New Research Publications Spotlight

Peacher DF, Martina SD, Otteni CE, Wester TE, Potter JF, Moon RE. Immersion Pulmonary Edema and Comorbidities: Case Series and Updated Review. Med Sci Sports Exerc. 2014 Sep 12. [Epub ahead of print]


PURPOSE: Immersion pulmonary edema occurs in swimmers (especially triathletes) and scuba divers. Its pathophysiology and risk factors are incompletely understood. This study was designed to establish the prevalence of pre-existing comorbidities in individuals who experience immersion pulmonary edema.

METHODS: From 2008 to May 2010, individuals who had experienced immersion pulmonary edema were identified via recruitment for a physiological study. Past medical history and subject characteristics were compared with those available in the current body of literature.

RESULTS: At Duke University Medical Center, Durham, NC, 36 subjects were identified (mean age 48.4 ± 9.1 years), of whom 72.2% had one or more significant medical conditions at the time of IPE incident (e.g., hypertension, cardiac dysrhythmias or structural abnormality or dysfunction, asthma, diabetes mellitus, overweight or obesity, obstructive sleep apnea, hypothyroidism). Forty-five articles were included, containing 292 cases of IPE, of which 24.0% had identifiable cardiopulmonary risk factors. Within the recreational population, cases with identifiable risk factors comprised 44.9%. Mean age was 47.8 ± 11.3 in recreational divers/swimmers and 23.3 ± 6.4 years in military divers/swimmers.

CONCLUSION: Cardiopulmonary disease may be a common predisposing factor in immersion pulmonary edema in the recreational swimming/diving population, while pulmonary hypertension due to extreme exertion may be more important in military cases. Individuals with past history of immersion pulmonary edema in our case series had a greater proportion of comorbidities compared to published cases. The role of underlyingcardiopulmonary dysfunction may be underestimated, especially in older swimmers and divers. We conclude that an episode of immersion pulmonary edema should prompt evaluation of cardiac and pulmonary function.

Bottiger B, McCartney S, Akushevich I, Nicoara A, Yanamadala M, Swaminathan M. Use of mobile tablet devices and reduction in time to perioperative transesophageal echocardiography reporting: a historical cohort study. Can J Anaesth. 2014 Oct 28. [Epub ahead of print]


PURPOSE: Timely communication of intraoperative transesophageal echocardiography (TEE) findings to the postoperative care team is critical to optimizing patient care. We compared the use of a personal computer (PC) system with the use of a mobile tablet device (MTD) system for point-of-care TEE data entry and hypothesized that the MTD-based system would reduce the time to preliminary TEE reporting and decrease the incidence of delinquent reporting by 50%.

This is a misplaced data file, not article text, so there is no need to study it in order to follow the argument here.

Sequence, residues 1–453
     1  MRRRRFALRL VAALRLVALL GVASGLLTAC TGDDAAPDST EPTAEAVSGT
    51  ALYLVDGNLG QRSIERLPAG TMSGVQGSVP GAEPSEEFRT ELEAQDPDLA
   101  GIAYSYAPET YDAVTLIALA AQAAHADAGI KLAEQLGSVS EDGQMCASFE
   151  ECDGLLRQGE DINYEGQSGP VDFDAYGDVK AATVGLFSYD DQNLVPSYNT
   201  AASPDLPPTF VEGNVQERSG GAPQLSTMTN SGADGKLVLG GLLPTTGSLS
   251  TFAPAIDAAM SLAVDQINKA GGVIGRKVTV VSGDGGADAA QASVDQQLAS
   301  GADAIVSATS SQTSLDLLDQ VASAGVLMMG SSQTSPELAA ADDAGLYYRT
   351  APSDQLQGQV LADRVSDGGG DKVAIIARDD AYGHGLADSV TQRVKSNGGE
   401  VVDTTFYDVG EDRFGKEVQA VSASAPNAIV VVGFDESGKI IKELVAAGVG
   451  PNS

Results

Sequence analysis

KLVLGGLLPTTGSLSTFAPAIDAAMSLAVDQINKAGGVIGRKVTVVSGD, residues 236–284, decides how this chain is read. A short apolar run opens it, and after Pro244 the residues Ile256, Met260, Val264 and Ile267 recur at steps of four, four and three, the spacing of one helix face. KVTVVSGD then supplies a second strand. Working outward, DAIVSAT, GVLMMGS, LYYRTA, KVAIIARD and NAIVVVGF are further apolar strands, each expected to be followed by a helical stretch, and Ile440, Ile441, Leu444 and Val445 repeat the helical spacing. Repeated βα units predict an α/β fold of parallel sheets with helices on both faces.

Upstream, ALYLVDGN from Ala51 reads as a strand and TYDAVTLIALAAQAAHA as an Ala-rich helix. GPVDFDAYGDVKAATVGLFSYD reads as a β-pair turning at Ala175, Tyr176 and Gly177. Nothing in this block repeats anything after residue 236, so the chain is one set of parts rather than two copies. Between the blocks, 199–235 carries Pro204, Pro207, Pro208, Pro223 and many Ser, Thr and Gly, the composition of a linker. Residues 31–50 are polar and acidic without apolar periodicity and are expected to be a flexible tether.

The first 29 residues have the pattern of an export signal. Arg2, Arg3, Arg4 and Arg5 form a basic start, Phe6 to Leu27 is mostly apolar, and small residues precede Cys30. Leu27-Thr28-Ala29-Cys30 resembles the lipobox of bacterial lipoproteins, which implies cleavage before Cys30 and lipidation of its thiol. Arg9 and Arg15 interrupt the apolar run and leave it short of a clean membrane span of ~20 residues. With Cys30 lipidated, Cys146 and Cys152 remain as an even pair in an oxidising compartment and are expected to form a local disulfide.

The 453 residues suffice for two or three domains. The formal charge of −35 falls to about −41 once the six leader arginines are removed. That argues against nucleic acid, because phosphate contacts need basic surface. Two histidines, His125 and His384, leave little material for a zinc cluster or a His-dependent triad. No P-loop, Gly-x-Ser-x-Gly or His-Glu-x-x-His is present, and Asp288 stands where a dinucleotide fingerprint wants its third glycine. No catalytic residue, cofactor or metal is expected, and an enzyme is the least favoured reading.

METHODS: In this historical cohort study, we reviewed 508 perioperative TEE reports entered by cardiothoracic anesthesia fellows. Reports were grouped based on whether data were entered on a PC (PC group) or a MTD (MTD group). Time to TEE reporting was defined as the time from the patient leaving the operating room to the time the TEE report was generated. Delinquent reports were defined as those generated >24 hr after the initial exam. Time to TEE reporting and incidence of delinquent reports were compared between the two groups.

RESULTS: Mean (SD) time to TEE reporting was significantly improved with MTD data entry vs PC data entry [233 (676) min vs 1,103 (3,830) min, respectively; mean difference 870 min; 95% confidence interval (CI) 293 to 1,448; P = 0.003], and median (IQR) time was also significantly improved [46 (163) min vs 126 (1,000) min, respectively; median difference 80 min; P = 0.0002]. The incidence of report delinquency with MTD data entry vs PC data entry was also significantly reduced [2.1% vs 6.8%, respectively; mean difference 2.2%; 95% CI 0.5 to 9.0; P = 0.02].

CONCLUSION: Implementation of a MTD system for data entry leads to improved TEE reporting time and reduces TEE reporting delinquency. Further studies are required to determine whether this strategy enhances quality of reporting, optimizes communication between care teams, and improves outcomes without increasing costs.

Fierro M, Sheikh T, Mukherji J. Intraoperative transesophageal echocardiography to evaluate acute cessation of venous inflow during cardiopulmonary bypass. Anesth Analg Case Reports. 2014;3(8):95-97.


Acute disruption of venous return during cardiopulmonary bypass (CPB) may be due to malposition of the venous cannula, kinks or obstruction of the venous tubing by a smaller cannula, airlock, or mechanical disruption of blood flow. We describe an acute obstruction of the venous cannula by blood clots that were visualized on the transesophageal echocardiogram during CPB. Appropriate measures were taken by the surgeon to evacuate the clot and restore CPB. The clots were not seen on the transesophageal echocardiogram before CPB raising suspicion that they originated in a lower extremity and migrated to the right atrium resulting in venous cannula obstruction.